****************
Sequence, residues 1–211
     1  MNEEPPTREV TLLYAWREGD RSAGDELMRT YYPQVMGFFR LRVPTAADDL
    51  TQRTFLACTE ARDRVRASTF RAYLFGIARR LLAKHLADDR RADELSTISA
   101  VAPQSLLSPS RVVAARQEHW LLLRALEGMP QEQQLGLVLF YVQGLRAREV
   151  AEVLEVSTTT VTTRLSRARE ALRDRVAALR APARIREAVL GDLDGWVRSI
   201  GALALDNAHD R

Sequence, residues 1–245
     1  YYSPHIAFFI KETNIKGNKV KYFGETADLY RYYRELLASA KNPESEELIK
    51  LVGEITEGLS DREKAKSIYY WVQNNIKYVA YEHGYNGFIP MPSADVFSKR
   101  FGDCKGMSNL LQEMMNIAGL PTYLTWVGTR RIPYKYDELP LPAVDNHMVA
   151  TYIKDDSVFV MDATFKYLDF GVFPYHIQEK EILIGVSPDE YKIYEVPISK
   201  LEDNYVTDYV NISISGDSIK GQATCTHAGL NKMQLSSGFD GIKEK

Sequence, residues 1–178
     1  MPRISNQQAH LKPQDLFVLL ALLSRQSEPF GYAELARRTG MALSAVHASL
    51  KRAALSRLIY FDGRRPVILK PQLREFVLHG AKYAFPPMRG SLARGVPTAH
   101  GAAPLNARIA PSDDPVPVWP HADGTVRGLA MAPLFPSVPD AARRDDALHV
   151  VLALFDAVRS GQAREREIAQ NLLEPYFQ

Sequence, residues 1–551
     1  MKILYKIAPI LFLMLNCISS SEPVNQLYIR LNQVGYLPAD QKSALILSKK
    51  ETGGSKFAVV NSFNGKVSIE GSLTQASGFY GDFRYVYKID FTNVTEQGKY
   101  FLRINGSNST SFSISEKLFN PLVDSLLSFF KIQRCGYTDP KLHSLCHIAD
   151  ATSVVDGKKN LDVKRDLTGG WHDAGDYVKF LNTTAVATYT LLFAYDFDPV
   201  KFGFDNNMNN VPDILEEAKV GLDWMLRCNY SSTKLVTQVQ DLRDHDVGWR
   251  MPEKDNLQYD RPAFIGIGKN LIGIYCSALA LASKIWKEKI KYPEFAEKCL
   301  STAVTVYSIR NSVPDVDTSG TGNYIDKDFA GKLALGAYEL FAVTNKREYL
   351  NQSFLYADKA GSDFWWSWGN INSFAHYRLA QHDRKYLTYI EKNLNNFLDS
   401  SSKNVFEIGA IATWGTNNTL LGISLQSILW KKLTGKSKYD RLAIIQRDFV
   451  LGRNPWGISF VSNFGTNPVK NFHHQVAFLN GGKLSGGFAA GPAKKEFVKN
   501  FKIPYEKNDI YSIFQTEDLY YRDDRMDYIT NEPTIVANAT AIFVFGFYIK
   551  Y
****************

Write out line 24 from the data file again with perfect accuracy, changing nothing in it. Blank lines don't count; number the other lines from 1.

   251  MPEKDNLQYD RPAFIGIGKN LIGIYCSALA LASKIWKEKI KYPEFAEKCL